Irupé (Victoria cruciana) is the Guaraní word for Victoria water lily. It grows in the rivers of Paraguay and the Argentinean Mesopotamia area. Its leaves can measure up to two metres (about six feet) in diameter and support the weight of birds and small mammals. Its flowers are white at first and then turn to red.

Photo credit: verdechaco

There are different folk tales about the origins of the irupé. Here’s a version from the Diccionario de Mitos y Leyendas (Dictionary of Myths and Legends – the translation is mine.)

Once upon a time, a beautiful maiden became infatuated with the Moon. Every night, she forlornly looked up to the black skies to see her shining beloved. She suffered in silence her unrequited love.

One day, in a fit of passion, the girl decided to reach for her celestial lover and climbed the tallest tree. She stretched out her arms to the heavens in vain.  Then, overcoming exhaustion, she climbed a mountain and waited for her beloved at the windy top, but to no avail.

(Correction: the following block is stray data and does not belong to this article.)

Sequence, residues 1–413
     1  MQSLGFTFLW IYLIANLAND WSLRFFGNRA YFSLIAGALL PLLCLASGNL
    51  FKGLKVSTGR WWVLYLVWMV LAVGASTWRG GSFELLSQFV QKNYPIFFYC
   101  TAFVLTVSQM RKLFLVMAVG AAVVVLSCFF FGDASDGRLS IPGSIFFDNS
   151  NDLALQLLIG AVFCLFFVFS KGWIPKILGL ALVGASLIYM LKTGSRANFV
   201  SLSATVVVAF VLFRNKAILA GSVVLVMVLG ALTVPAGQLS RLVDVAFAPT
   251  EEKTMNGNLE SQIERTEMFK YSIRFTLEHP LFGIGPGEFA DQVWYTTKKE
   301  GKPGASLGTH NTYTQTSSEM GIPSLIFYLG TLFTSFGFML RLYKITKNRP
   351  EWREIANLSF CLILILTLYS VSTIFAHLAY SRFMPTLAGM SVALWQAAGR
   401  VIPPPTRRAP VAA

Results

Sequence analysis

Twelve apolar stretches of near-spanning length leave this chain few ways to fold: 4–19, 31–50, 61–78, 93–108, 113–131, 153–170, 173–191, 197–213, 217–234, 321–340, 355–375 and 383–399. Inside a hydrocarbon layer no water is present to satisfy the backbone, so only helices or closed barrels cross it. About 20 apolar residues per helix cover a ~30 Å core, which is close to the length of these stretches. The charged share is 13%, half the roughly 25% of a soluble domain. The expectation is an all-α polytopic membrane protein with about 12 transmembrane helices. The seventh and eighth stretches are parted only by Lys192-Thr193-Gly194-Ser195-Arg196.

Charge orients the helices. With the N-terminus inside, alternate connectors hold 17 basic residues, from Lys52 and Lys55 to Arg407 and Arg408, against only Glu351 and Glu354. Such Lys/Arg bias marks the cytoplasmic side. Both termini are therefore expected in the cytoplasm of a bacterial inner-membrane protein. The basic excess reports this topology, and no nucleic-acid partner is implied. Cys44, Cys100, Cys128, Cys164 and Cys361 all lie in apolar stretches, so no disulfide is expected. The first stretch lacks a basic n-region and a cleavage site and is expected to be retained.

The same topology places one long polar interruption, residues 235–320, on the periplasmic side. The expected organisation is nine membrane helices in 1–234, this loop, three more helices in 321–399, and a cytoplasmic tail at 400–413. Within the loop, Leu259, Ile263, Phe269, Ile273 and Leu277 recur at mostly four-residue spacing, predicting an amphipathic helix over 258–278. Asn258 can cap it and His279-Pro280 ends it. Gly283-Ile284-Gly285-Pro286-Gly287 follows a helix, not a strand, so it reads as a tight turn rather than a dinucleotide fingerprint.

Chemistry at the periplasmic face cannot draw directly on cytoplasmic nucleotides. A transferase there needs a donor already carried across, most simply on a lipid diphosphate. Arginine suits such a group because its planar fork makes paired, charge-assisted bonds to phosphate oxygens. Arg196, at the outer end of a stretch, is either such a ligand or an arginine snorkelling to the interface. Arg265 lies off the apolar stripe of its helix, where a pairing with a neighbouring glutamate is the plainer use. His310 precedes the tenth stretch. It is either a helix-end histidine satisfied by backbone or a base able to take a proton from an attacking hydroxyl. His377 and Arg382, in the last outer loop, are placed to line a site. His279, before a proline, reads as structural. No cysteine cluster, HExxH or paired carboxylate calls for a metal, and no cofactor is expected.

The beautiful maiden sighed her way down to the valley and then walked towards the horizon. In this quest for the impossible, she stumbled upon hard stones and her feet bled.

One night, she saw her reflection on quiet waters and it was close to that of the Moon. She believed she could touch him with her hands. Without hesitation, she jumped on the deep waters and drowned.

The god Tupá took pity on the maiden and transformed her into an irupé, whose leaves resembled the lunar disk and look up to the skies in a constant search for her lover.


Read more

Ceibo, Argentina’s national flower

Aligot of Aubrac

Argentinean customs: roadside shrines

About the author

Ana Astri-O’Reilly is from Argentina, where she lived until five years ago. She currently lives in Dallas, USA with her British husband, but they move a lot. Previously a translator and English and Spanish teacher, Ana first started writing to share her experiences and adventures with friends and family. She speaks Spanish, English and a smattering of Portuguese.